Yukon's Charisma: The German Connection
Why are Germans fascinated with the Yukon
The Yukon’s rugged landscape and vast and pristine wilderness have attracted the tough and adventurous for many years. Motives and nationalities have changed over time, the fascination for this magical place hasn’t. During the Klondike Gold Rush, in 1896, thousands of prospectors flocked to the goldfields. Today, it’s not the prospectors, it’s the German tourists, who are flocking to the Yukon. A Condor flight Frankfurt – Whitehorse has been operating once a week from May till mid-September. The German tourists on board are not in search of gold anymore, even if gold panning is still a popular activity. Today, visitors are in search of wilderness and solitude, open spaces and freedom.
Do you speak German?
When I started my travels 15 years ago, I had never imagined that German, my native language, would become the one invaluable tool to land a guiding job in Canada’s Yukon. One of my first contacts upon arrival in Whitehorse, on the local Robert Service Campground, was with a German expat, who owns a tour company in the Yukon and was conveniently looking for German speaking staff. The tasks could be learned, but speaking German was essential to get a job. Over the years, I heard many stories from German expats and travelers, all of which have one thing in common: The continuous love and fascination for the Yukon’s wilderness and lifestyle.
The Yukon has long been a favorite destination for German emigrants and tourists. In the Yukon, the German language, German people, and German products are everywhere. German expats lead tour companies and hire German speaking guides. Brochures for Yukon’s Visitor Information Centers are printed in Canada’s official languages, English and French, but also in German! Many shops hire German speaking staff. German bread and other specialties line the shelves of the Canadian supermarkets. Alpine Bakery, for example, where the smell of delicious German bread stimulates the senses, is owned by expats.
Germans are known around the world for their adventurous spirits, but what makes the Yukon such a special destination?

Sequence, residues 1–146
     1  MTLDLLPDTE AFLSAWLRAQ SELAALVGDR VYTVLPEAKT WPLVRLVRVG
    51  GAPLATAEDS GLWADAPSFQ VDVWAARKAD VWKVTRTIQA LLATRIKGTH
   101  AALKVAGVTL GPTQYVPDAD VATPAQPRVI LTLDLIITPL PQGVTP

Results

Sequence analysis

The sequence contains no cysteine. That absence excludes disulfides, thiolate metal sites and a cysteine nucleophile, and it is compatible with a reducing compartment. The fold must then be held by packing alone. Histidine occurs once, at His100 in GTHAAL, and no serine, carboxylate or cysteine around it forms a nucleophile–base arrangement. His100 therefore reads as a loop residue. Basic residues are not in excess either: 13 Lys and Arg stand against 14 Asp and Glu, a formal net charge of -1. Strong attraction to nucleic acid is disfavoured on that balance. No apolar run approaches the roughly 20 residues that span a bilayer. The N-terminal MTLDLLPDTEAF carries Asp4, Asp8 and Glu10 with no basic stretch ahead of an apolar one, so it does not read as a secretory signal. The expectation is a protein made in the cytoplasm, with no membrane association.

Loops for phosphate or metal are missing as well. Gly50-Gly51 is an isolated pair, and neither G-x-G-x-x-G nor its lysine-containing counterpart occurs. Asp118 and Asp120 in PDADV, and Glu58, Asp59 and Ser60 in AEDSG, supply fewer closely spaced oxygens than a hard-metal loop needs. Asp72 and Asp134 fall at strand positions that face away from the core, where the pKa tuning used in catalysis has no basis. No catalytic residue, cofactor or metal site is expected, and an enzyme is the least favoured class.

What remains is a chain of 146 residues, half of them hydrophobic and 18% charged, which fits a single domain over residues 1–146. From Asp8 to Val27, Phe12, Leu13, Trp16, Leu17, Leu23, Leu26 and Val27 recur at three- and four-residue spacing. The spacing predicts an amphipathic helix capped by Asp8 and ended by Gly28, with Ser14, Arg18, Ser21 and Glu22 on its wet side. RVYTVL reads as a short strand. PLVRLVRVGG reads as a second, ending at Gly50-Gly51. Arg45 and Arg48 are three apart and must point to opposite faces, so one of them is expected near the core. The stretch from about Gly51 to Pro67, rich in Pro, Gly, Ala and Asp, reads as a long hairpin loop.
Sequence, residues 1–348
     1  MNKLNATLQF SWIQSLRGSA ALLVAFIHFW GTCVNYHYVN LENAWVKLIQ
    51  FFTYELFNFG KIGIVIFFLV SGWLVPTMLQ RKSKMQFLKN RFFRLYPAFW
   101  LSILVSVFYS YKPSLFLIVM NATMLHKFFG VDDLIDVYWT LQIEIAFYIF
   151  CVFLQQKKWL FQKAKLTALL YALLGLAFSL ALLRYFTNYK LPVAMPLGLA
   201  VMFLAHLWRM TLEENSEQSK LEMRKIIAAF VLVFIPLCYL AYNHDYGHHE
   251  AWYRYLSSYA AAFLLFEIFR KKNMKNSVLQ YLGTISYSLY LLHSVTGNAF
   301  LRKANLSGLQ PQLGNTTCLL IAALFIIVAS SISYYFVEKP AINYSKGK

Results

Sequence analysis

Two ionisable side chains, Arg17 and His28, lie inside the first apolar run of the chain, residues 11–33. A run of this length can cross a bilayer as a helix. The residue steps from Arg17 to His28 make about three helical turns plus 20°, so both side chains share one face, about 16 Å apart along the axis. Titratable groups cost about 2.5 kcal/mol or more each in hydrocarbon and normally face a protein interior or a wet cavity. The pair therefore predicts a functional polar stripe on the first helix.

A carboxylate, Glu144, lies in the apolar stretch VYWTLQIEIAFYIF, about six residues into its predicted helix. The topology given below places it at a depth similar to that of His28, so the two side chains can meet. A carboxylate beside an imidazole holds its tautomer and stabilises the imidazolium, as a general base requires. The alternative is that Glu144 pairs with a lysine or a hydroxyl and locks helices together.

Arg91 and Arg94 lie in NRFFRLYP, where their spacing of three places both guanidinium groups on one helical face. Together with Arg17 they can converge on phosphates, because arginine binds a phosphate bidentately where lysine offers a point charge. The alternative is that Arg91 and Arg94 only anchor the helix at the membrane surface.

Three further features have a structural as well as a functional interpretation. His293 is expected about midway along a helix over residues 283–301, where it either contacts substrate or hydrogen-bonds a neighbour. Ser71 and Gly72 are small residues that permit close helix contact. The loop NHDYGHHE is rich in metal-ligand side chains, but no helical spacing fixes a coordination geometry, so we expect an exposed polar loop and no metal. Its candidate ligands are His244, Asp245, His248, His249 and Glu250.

In search of solitude
An adventure in Yukon’s timeless wilderness has become more and more tempting as our society dictates a stressful day to day life. Germany, like many European countries, is built up. Nature and solitude are hard to find. In 2020, population density in Germany was 238 people per km2, compared to a mere 4 people per km2 in Canada, and an incredibly low 0.02 in the Yukon.
German tourists have long known and appreciated the Yukon for the contrast to their homeland. Here, modern explorers can still find open spaces, as well as wild and unspoiled landscapes. Ask an American tourist about Jack London, the 19th-century American author of “White Fang” and “Call of the Wild”, and most have never heard of him. Ask a German tourist in Yukon, and most have a copy of “Call of the Wild” in their backpack. The novels successfully capture the feeling of freedom, solitude, and desire for adventure that Germans want to experience during their travels in the Yukon.
A simpler way of life
Sparsely populated areas and vast thrilling landscapes also promise a simpler, less hectic way of life. Turning off the mobile phone, disconnecting from the never-ending stream of emails is a luxury in today’s society. Many of us can’t get away from our gadgets, even during holidays. Yukon’s wilderness still allows for moments that belong only to us. Outside of villages and towns, there is no phone connection. Camping, hiking, and canoeing adventures allow the German visitors to completely disconnect from society and connect with a deep longing for nature. Life is simpler out here.
The year 1896 saw thousands of prospectors flocking to the goldfields. The rush is long over, but the fascination for the shiny metal remains. Shows like “Gold Rush” let modern men and women dream of riches beyond imagination. While modern mining operations require heavy equipment, German tourists can still search for gold with nothing more than a shovel, a gold pan, and a strong back.
Germans have long followed their longing for unspoiled wilderness and traveled to the Yukon to experience life at its purest. Back home they share stories of thrilling adventures, vast landscapes, and a simpler life which in turn inspires even more of their friends to visit Canada’s last frontier.